Under the gun for an underperforming fund, South Taranaki's investment nest egg is doing better right now than its bigger brother in New Plymouth.
Worth $88.7 million when created in 1997, South Taranaki District Council's Long Term Investment Fund now sits at $106.5m, $17.8m more than when it started.
New Plymouth District Council established its own perpetual investment fund in 2004 with the $259.4m from the sale of its Powerco shares. That fund is now worth $227m, $32m less than when is started.
Much of the difference in condition of the funds can be explained by how much of the fund is released to each council. New Plymouth has been getting close to 8 per cent each year, South Taranaki an average of 5 per cent.
In the last eight years New Plymouth District Council's coffers have been buoyed by an annual $20m top-up from its fund, giving its residential ratepayers the lowest average rates bill of Taranaki's three districts.
However, those release payments have come at a huge cost. The fund is now $95.8m short of the $322.8m it would be if it had retained its "real" value, as perpetual funds should.
New Plymouth Mayor Harry Duynhoven said the problem was not with the management of the fund, as it had outperformed most others, but that council had been taking too much.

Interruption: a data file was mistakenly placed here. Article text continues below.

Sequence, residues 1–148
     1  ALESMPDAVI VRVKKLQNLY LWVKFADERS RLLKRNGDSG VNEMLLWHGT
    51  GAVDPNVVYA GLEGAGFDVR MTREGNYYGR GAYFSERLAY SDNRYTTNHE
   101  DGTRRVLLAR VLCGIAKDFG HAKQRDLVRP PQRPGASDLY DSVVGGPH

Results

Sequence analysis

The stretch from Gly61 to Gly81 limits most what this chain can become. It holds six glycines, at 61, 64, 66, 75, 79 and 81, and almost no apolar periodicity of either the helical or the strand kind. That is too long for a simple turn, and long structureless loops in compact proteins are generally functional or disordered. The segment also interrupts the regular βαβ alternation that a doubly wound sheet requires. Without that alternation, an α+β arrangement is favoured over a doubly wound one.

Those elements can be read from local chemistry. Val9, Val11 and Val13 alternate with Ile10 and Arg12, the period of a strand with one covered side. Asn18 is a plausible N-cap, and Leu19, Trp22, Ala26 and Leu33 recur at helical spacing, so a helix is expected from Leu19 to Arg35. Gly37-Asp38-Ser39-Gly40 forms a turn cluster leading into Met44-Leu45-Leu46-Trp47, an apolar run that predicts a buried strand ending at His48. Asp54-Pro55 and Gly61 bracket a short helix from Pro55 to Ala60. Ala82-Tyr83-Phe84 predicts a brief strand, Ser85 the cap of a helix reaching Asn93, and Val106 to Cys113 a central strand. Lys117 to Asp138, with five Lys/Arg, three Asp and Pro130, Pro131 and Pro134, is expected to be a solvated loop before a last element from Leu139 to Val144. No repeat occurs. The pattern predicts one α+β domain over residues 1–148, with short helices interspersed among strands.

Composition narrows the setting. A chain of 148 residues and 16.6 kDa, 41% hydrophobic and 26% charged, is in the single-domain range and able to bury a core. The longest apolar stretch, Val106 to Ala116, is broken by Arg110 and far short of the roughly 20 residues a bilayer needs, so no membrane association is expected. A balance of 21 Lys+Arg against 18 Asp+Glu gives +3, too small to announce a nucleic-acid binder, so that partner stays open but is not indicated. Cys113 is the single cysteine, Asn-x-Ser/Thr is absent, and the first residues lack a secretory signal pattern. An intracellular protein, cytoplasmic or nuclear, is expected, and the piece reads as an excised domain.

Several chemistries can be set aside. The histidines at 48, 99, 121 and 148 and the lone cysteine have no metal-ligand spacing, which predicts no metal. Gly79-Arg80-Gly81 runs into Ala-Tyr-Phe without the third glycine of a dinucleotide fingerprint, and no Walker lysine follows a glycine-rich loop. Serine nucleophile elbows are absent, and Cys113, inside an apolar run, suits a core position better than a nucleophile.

However, reducing council reliance on the annual $20m top-up could not be done overnight.
"We could fix this tomorrow if we put rates up 10 or 11 per cent. But that would be pretty painful. So for a more gentle landing we have done it over 10 years," he said.
By 2022 council's payout will have shrunk to $13.5m, taking some pressure off the fund and allowing it to recover more quickly, Mr Duynhoven said.
The council had also amended its policy to allow surplus funds to be put into the fund if required to hasten its recovery.
South Taranaki's fund also has some recovering to do.
At $106.5m it is 18 per cent short of the $126.5m it would be at if it had retained its real value and came in for criticism on Tuesday for "underperforming" when it returned just $2.2m against an expected $9.2m.
"Investment funds fluctuate from day to day, month to month, year to year. The important thing is to look at the fund over the long term. For example over the last three years the average gross return has been a very strong 9.53 per cent," South Taranaki Mayor Ross Dunlop said yesterday.
Since its inception the fund has returned an average of 6.78 per cent. This has easily covered the $3.87m annual rates subsidy the council has taken since the fund began and the $1.73m it has been taking since 2009 to repay loans on community facilities.
Overall the fund has released to the council an average of 5 per cent of its original value each year, as opposed to New Plymouth 7.7 per cent.
- © Fairfax NZ News
Should ratepayers fork out for increased security to keep vandals at bay in Pukekura Park?Related story: Cameras set to catch vandals